Students are expected to attend all class meetings and complete all assignments for courses in which they are enrolled. Instructors may excuse brief and occasional absences for reasons of illness, injury, family emergency, religious observance or participation in a University sponsored activity. (University sponsored activities include for example, field trips, ASUM service, music or drama performances, and intercollegiate athletics.) Instructors shall excuse absences for reasons of military service or mandatory public service.
Instructors may establish absence policies to conform to the educational goals and requirements of their courses. Such policies will ordinarily be set out in the course syllabus. Customarily, course syllabi will describe the procedures for giving timely notice of absences, explain how work missed because of an excused absence may be made up, and stipulate any penalty to be assessed for absences.
The UM Faculty Senate encourages the faculty to accommodate students incurring an excused absence by allowing them to make up missed work when this can be done in a manner consistent with the educational goals of their courses. Students expecting to incur excused absences should consult with their instructors early in the term to be sure that they understand the absence policies for each of their courses.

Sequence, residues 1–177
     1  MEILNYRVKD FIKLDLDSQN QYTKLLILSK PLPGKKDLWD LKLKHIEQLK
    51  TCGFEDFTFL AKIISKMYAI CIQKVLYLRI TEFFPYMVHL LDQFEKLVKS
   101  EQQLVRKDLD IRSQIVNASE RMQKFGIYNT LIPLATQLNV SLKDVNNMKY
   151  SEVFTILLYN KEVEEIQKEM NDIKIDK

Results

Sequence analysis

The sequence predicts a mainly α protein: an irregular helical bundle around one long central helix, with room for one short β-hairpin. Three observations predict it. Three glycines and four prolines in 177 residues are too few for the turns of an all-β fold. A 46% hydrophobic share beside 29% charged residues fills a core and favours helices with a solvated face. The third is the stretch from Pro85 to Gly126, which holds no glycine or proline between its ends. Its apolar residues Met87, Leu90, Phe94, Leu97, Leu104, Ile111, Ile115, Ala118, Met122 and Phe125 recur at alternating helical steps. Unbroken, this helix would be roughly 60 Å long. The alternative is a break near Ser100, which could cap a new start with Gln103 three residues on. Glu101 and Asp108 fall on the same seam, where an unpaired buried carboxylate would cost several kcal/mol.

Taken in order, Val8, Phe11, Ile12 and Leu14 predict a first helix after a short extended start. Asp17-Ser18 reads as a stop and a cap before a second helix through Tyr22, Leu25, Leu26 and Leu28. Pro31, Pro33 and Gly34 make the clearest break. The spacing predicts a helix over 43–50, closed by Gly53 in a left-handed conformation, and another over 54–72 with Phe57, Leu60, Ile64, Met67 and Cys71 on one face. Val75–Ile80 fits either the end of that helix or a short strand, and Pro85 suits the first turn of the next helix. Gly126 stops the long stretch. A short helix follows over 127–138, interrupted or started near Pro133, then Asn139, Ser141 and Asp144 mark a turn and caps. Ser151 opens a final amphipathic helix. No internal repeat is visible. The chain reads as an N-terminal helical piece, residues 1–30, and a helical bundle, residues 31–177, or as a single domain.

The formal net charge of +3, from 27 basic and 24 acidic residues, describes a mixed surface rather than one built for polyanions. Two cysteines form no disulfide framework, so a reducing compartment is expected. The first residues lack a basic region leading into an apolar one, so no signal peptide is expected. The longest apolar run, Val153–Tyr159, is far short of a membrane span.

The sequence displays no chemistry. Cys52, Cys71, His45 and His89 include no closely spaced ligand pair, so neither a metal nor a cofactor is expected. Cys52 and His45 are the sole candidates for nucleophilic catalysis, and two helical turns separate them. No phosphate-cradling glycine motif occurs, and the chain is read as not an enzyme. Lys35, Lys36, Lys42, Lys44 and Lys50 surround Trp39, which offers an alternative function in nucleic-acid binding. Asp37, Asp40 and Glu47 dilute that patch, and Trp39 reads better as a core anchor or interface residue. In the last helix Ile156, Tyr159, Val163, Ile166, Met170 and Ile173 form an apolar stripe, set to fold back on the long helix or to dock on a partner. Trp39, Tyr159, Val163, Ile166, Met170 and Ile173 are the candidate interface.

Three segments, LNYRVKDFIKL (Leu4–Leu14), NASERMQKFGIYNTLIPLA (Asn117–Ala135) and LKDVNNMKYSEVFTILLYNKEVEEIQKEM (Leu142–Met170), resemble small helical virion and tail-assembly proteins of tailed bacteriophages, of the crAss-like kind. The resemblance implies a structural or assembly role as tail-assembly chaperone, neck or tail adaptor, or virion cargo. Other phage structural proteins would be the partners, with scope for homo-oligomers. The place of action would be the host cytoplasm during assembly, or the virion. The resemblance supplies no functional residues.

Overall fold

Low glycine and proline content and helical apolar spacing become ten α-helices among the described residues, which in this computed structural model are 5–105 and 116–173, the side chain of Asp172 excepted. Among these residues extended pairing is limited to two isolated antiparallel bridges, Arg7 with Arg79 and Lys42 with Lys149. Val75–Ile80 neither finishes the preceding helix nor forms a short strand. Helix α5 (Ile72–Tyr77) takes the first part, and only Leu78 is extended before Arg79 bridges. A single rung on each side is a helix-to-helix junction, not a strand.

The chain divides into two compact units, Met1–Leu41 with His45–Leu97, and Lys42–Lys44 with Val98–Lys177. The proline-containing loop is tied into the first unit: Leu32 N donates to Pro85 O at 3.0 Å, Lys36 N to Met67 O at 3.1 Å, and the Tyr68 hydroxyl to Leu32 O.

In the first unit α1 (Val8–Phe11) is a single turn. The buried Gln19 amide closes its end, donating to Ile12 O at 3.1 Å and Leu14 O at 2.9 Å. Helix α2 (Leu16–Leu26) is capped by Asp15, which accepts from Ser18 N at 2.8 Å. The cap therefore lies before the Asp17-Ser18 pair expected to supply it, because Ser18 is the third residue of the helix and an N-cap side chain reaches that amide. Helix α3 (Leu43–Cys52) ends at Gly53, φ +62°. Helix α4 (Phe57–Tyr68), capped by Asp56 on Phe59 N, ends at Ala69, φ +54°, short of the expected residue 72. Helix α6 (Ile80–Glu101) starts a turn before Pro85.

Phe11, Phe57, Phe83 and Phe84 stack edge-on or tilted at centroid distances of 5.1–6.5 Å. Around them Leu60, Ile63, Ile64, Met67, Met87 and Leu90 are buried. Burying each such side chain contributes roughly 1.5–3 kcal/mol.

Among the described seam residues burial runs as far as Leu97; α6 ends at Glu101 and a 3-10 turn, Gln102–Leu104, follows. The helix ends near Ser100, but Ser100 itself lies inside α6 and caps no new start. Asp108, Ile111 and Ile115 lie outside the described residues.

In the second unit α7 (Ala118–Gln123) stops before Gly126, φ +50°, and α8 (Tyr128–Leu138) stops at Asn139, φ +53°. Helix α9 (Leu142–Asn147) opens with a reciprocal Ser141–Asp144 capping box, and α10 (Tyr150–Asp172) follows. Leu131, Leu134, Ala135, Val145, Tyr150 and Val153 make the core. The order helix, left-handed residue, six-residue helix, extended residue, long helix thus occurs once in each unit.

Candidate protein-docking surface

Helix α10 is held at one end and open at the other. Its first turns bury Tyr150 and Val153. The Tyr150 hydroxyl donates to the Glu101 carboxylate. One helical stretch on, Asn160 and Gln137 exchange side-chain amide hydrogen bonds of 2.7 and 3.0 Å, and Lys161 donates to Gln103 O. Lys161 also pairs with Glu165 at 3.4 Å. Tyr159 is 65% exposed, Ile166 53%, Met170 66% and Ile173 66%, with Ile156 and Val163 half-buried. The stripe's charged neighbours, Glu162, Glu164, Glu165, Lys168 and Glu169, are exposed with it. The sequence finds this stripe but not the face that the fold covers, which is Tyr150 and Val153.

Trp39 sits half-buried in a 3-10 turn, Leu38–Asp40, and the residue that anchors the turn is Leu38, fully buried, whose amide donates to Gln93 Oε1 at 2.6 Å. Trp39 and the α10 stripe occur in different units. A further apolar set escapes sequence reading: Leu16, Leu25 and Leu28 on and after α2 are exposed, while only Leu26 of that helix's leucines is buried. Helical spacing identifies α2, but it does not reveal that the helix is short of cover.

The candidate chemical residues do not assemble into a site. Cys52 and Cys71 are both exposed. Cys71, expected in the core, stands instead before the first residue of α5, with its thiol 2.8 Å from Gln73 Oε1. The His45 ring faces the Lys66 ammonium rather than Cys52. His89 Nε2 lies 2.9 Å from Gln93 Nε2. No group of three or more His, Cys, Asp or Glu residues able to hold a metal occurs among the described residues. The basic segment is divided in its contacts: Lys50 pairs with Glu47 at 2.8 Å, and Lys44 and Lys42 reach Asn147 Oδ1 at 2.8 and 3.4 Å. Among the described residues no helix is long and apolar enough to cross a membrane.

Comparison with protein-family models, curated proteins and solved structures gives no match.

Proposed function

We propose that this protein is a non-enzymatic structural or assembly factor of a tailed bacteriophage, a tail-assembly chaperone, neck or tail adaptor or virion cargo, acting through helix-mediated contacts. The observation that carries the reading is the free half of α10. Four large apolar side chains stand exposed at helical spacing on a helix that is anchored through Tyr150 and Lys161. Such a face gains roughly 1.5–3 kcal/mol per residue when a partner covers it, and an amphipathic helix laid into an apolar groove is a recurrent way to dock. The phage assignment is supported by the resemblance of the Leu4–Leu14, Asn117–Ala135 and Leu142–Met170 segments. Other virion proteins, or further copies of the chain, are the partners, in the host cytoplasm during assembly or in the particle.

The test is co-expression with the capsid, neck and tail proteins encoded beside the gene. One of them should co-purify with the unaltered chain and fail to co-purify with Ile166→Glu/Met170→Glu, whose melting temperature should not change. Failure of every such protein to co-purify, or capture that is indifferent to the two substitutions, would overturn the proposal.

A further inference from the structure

Students who withdraw from the University (withdrawing from ALL classes) while a semester is in progress must complete withdrawal forms which are obtained from the Registration Counter in Griz Central (Lommasson Center) or the Registrar's Office in the College of Technology. Drop/add forms cannot be used to withdraw from school and students are not allowed to drop all their courses on the Internet. International students must first contact the Foreign Student Advisor before withdrawing as visa status will be affected. Medical withdrawals are granted only for a student's significant health problems and must be documented by a healthcare provider.